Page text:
Friday 30 September 2016

Jules Bianchi's father says Formula One bosses must go further with cockpit safety

Phil Blanche

Published 03/03/2016 | 19:11

Philippe Bianchi (C), the father of Jules Bianchi, and Formula 1 drivers observe a minute's silence in memoriam of late French Formula One driver Jules Bianchi
Philippe Bianchi (C), the father of Jules Bianchi, and Formula 1 drivers observe a minute's silence in memoriam of late French Formula One driver Jules Bianchi

Jules Bianchi's father Philippe feels Formula One bosses "must go further" with cockpit safety after being left unconvinced by the new Halo device.

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Kimi Raikkonen became the first F1 driver to run with the Halo closed cockpit system during Thursday morning's testing in Spain.

Raikkonen tested the driver's visibility of the Halo for two laps at the Circuit de Catalunya - the first time the system has been seen on an F1 car during a public session - before his Ferrari team removed the installation.

"Obviously it's a slightly different view, we're a bit limited in the front, but I don't think it's the final version - so surprisingly little difference," Raikkonen said after testing.

"[Vision is] a bit limited in the front, but I'm not sure if it's the final version either, so it can change."

The Halo, which features a single column down the centre, is designed to shield drivers from flying debris and prevent the sort of accident which killed Henry Surtees last summer.

Surtees, the son of 1964 world champion John, was killed after he was hit on the crash helmet by an errant tyre while competing in a Formula Two race at Brands Hatch.

F1 driver Bianchi also succumbed to the devastating injuries he sustained at the Japanese Grand Prix in July, although it is not believed improved head protection would have saved the Frenchman.

But Bianchi's father says the Halo device does not provide a total fix for the dangers of an open cockpit and called on the F1's governing body, the FIA, to do more when it comes to driver-safety.

"I consider that this is a step forward in terms of security," Bianchi told French television channel Canal+.

"It is obvious that in the case of when a wheel comes off, this system would be effective.

"However, in the case of small debris, as Felipe Massa and Justin Wilson (the Indycar star who was killed last August) had, that wouldn't have changed anything.

"So this is a step forward, but it does not solve everything."

Bianchi says such a concept would not have helped his son in his accident at Suzuka in October 2014.

"For Jules, it would not have changed nothing, because it's the extremely violent deceleration that caused the damage that we know to his brain," Bianchi said.

"I think developments of the HANS system to better absorb big deceleration in a severe impact could help in this case.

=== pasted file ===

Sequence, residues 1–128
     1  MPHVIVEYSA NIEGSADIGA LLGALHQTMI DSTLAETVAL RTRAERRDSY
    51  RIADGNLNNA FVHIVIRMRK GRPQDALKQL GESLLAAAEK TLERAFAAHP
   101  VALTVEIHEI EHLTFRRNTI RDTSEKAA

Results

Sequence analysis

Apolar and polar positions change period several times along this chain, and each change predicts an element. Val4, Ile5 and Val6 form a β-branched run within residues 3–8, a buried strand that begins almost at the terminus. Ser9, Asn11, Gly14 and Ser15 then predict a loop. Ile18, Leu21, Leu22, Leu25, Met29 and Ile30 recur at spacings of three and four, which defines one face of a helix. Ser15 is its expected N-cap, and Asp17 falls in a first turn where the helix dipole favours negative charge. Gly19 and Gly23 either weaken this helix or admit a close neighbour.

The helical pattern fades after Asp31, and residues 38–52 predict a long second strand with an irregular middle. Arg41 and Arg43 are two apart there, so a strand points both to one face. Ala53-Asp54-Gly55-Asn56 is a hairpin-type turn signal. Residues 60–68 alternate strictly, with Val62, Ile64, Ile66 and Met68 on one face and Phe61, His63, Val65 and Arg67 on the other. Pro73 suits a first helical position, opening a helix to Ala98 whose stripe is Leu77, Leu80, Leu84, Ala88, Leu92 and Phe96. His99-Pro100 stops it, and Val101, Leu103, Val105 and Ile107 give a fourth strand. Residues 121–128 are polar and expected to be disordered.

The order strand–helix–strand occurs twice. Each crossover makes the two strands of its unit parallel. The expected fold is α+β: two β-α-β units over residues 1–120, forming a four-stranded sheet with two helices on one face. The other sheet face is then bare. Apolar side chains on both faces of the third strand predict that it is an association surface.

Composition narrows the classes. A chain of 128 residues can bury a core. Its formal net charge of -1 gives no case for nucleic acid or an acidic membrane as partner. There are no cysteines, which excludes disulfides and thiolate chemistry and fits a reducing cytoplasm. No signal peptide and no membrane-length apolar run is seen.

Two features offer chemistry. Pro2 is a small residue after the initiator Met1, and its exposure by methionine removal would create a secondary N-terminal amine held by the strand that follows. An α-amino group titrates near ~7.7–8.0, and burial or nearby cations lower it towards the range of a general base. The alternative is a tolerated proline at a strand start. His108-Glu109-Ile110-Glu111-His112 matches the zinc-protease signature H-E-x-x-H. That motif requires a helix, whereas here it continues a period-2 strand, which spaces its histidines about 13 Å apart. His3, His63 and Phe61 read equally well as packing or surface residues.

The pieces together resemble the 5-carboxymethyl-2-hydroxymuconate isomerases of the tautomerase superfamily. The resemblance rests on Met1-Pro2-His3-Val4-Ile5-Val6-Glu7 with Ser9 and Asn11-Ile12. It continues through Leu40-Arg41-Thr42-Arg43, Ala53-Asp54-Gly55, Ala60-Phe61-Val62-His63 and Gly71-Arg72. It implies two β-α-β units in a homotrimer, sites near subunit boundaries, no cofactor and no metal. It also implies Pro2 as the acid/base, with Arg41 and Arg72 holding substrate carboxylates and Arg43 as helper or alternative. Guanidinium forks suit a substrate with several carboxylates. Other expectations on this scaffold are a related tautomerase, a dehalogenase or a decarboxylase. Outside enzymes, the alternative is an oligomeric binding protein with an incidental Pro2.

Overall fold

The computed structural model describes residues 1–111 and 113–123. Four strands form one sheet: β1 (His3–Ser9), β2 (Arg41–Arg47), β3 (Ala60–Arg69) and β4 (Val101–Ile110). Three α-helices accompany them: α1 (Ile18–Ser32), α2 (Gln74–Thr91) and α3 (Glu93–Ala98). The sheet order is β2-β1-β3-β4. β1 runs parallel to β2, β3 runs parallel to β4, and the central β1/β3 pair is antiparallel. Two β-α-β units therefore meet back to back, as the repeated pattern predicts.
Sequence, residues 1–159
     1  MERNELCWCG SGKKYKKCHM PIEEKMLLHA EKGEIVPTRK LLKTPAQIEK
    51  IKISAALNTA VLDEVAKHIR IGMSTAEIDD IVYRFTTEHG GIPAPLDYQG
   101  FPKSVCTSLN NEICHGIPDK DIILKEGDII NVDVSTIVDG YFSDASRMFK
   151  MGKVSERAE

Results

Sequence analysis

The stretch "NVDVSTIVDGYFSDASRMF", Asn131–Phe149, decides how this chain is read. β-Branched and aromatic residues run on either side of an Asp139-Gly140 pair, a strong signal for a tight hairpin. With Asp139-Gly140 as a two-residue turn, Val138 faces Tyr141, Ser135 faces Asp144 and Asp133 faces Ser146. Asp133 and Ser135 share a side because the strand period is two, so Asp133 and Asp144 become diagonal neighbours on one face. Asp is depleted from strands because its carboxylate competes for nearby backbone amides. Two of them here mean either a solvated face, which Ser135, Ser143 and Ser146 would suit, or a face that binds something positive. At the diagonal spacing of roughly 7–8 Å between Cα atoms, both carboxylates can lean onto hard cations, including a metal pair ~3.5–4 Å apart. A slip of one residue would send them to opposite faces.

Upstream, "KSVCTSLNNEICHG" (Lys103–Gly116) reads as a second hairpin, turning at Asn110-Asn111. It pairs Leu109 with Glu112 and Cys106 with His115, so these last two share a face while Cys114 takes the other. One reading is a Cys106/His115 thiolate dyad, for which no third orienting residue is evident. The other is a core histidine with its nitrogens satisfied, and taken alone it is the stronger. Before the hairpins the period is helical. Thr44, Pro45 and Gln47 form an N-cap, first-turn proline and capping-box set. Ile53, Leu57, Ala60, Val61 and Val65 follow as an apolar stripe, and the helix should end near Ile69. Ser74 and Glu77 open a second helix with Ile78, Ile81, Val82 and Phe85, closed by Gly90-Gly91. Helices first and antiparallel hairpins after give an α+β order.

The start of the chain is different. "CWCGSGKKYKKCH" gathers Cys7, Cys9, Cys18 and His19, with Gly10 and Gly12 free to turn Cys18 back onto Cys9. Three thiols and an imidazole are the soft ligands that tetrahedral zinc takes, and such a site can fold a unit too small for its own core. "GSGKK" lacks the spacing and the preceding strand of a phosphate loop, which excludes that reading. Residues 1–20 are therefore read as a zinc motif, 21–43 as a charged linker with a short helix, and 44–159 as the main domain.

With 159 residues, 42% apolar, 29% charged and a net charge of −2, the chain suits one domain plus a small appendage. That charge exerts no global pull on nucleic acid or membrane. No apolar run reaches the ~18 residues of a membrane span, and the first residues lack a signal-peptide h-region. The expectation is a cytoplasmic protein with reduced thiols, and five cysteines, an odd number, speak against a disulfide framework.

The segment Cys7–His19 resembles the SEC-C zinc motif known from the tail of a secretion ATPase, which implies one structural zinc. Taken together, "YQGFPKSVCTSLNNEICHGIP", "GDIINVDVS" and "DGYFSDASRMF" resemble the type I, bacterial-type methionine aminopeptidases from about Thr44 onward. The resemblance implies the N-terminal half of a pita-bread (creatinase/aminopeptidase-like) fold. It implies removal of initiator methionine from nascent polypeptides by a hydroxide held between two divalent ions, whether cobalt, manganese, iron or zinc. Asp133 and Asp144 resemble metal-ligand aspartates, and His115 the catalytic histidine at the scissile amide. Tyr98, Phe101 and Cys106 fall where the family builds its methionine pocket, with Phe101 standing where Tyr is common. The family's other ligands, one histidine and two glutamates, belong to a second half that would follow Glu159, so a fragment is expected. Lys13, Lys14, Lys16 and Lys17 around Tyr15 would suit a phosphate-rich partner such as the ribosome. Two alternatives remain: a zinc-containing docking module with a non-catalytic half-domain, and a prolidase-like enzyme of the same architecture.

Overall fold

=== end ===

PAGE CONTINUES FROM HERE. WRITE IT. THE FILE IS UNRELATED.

"This is obviously not me who would raise myself against something that brings more security to drivers, but the version of this Halo system did not convince me and has yet to be perfected.

"Aesthetically, it's pretty bad, and I wonder what the driver gets to see behind the Halo.

"The FIA wished to act after Jules's and Justin's accidents, but it must go further."

The governing body has explored a number of designs aimed at protecting drivers from flying debris after Massa was struck by a spring from Rubens Barrichello's Brawn during qualifying for the 2009 Hungarian Grand Prix.

F1 race director Charlie Whiting told teams earlier this year that the FIA were making sure the Halo - a concept originally developed by Mercedes - was in place for next season.

"The Halo is currently the preferred solution among a number being considered by Formula One racing's governing body, the FIA, for potential introduction in 2017, in order to offer better protection for the driver's head," reported www.formula1.com after Raikkonen's test run.

The FIA say the proximity of the single, central strut to the driver is such that it should have minimal effect on visibility.

But while most drivers are pushing for improved driver head protection, there are some concerns in the paddock over the halo-shaped loop.

"I think we need to be careful not to go away from what Formula One has always been, which is an open cockpit," said Briton Jolyon Palmer, who will make his grand prix debut for Renault at the season opener in Australia on March 20.

"It is important to be able to identify the driver, and I think that is a nice touch from the sporting side.

"Rather than just seeing a car go round you can at least see the driver in it, so we have to be careful on that. I am not unhappy with how it is at the moment."

Raikkonen, without the Halo, actually set the fastest time on his final day in the car, with two eye-catching laps just before the lunch break.

The first, a 1min 23.009 seconds lap on soft tyres, was 0.013 seconds quicker than Mercedes' best on the same compound.

Raikkonen then switched to the quicker ultrasoft tyre and clocked a new outright fastest lap this winter of 1:22.765.

Mercedes ended day three only fifth on the time sheet as first Nico Rosberg and Lewis Hamilton concentrated on longer runs on the slower medium tyre.

Rosberg completed 81 laps in the morning, clocking a best time of 1:23.126, before Hamilton took over and added 63 more. The world champion did not set a representative time, meaning he finished a lowly 11th.

"In many ways we could have done faster laps times if we wanted and slightly more running," Raikkonen said.

"It was one of the best days we managed to do, not any issues."

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